What I am insisting upon is the minimum password length limit.
If it is 10 then also you and Abhishek can have a 12 or 14+ character password and nobody is stopping you.
I am being stopped from having a less length password because someone thinks that below 10 is insecure. Many websites even allow 8 character as minimum.
If you look at these expert sources, you see that password length plays the biggest role in terms of security.
If you have a really long password (32 characters and more) then you do not even need that complicated and weird characters. So I hope this answers your questions as why there is a decision on a certain minimum length, which is absolutely not just arbitrairily chosen.
I have Firefox setup so every website I visit including this one gets opened like an app, nothing to do with Ice Apps though similar, it’s this one thing that keeps me coming back to the XFCE environment. When it comes to Passwords Firefox has them locked away for me to automatically go to the website of choice and automatically logged in. Here is a look at my desktop, across the top are my website links from the left on wards.
To set these up you have to go to every website login and copy and paste the URL then find a suitable icon for the app. With ice apps it’s a private window, but this which I’m demonstrating opens instantly, rather than waiting for a default browser window to open. Also it saves clogging up the browser with shortcuts or tabs. I’ve always setup my Linux like this. Passwords are important to not be so easy as a lot of people make the mistake of using 1234 as their password. Firefox has a password maker inbuilt, with over forty odd characters though don’t quote me on that, it just looked a lot when Firefox asked if I would consider using one of their made up ones. So all of my websites on here and all my other computers are setup to automatically log me in. I would never ever do this with Chrome, as their security to my mind is too open, plus all the telemetry they take from you. At least with Firefox you can switch off Google altogether and choose a different more private search engine. I use Duck Duck Go, they have gotten bigger and better over the years and they don’t take anything or spy on you.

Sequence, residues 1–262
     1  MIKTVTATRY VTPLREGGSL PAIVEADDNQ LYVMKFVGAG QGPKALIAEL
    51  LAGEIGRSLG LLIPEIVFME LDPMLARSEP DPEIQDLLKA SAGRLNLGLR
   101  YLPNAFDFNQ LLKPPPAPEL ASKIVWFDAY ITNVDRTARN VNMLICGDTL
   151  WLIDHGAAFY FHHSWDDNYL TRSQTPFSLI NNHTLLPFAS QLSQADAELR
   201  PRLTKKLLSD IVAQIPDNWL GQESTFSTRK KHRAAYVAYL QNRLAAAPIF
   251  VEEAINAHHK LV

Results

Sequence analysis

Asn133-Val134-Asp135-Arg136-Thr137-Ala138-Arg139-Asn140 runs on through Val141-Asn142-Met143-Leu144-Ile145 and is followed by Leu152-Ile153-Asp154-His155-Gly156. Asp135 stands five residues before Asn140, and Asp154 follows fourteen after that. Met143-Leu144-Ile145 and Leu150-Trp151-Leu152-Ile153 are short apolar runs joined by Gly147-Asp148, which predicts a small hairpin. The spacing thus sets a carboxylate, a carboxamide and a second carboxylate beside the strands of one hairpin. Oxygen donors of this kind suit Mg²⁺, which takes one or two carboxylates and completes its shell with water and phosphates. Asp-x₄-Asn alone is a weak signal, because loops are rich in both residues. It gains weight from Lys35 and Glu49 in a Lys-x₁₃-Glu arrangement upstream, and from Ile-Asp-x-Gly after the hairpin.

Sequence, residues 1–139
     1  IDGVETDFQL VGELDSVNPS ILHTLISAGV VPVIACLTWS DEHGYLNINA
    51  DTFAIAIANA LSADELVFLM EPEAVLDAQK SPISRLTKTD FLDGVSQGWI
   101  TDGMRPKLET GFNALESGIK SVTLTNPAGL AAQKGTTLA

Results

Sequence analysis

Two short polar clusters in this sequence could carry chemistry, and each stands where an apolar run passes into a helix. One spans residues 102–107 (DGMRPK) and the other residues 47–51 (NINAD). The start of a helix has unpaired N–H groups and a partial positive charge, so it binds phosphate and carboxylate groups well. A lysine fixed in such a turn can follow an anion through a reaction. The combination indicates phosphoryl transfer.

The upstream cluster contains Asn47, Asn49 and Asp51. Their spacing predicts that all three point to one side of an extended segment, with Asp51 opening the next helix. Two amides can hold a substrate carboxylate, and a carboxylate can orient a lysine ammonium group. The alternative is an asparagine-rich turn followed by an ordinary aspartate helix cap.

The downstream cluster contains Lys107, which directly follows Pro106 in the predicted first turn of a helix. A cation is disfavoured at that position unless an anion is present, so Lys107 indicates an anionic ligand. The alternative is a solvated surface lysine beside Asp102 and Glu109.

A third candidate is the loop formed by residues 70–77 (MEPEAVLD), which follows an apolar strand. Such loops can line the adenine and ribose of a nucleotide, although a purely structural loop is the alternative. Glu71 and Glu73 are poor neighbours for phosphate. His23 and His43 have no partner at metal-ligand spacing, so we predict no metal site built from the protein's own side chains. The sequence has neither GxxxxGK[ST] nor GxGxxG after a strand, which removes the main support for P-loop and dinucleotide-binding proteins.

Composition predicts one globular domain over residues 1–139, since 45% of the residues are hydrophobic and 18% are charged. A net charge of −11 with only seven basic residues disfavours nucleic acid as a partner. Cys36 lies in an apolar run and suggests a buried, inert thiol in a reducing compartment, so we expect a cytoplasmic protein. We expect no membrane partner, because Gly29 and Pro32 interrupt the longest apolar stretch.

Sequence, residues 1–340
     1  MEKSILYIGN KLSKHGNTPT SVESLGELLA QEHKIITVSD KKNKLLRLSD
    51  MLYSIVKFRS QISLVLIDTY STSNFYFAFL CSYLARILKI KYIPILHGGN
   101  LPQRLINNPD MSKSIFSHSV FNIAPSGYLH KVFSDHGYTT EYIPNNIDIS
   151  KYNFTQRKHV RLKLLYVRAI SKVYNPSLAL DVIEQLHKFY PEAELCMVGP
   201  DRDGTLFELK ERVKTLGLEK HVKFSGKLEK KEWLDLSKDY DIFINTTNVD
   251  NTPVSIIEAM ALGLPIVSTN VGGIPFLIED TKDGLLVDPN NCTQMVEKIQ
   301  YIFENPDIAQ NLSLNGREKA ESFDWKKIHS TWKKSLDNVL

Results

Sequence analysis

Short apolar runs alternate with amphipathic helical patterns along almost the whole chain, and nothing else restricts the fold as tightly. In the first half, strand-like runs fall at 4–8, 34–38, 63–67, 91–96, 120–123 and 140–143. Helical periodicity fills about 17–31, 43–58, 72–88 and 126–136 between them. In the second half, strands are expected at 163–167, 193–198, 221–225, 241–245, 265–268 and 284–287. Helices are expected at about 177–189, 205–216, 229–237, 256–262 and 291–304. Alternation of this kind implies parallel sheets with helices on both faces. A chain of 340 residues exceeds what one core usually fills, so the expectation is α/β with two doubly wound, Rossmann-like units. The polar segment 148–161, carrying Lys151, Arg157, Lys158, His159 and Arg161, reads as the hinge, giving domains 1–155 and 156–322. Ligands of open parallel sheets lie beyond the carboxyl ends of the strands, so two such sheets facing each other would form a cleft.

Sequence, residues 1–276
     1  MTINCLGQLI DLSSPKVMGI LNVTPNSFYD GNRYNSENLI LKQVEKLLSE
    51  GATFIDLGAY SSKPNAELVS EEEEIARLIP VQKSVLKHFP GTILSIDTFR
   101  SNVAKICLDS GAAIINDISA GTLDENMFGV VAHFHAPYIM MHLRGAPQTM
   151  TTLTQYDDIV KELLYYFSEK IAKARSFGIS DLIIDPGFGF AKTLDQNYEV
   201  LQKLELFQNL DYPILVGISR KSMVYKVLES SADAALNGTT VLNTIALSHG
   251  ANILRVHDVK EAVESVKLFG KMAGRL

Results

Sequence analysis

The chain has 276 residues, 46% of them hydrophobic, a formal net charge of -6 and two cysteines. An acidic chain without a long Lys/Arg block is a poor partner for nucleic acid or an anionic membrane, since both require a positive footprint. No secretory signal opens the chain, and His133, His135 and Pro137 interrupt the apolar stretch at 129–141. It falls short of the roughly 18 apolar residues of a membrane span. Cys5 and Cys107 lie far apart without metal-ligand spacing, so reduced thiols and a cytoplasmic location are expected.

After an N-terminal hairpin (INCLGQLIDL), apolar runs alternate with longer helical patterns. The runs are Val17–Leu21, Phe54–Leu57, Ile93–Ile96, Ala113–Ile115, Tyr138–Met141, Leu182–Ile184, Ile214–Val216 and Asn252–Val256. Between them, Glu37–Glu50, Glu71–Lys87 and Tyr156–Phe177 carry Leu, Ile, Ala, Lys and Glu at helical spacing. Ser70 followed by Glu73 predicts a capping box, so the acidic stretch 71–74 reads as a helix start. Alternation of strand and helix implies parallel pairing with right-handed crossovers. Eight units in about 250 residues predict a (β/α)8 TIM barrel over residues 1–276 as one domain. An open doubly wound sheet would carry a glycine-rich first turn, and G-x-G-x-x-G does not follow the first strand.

I am not convinced that two pass authentication is the solution…using the methods that are currently available. I don’t like the fact that normally double authentication means you need to supply your mobile phone number and then you have no control over where it has been saved and who has access to it. Sometimes for various reasons I am more or less forced to use Google. My cookies get deleted automatically so the first thing Google does is to tell me to check my mobile and convince them that it really is “me”… sooner or later they will probably start collecting ID pictures and will insist that I allow them to to use my mobile so that they can use the camera to compare. I am convinced that in the not too far future user identification will play a much larger part in our lives and that personal privacy will slowly be whittled away.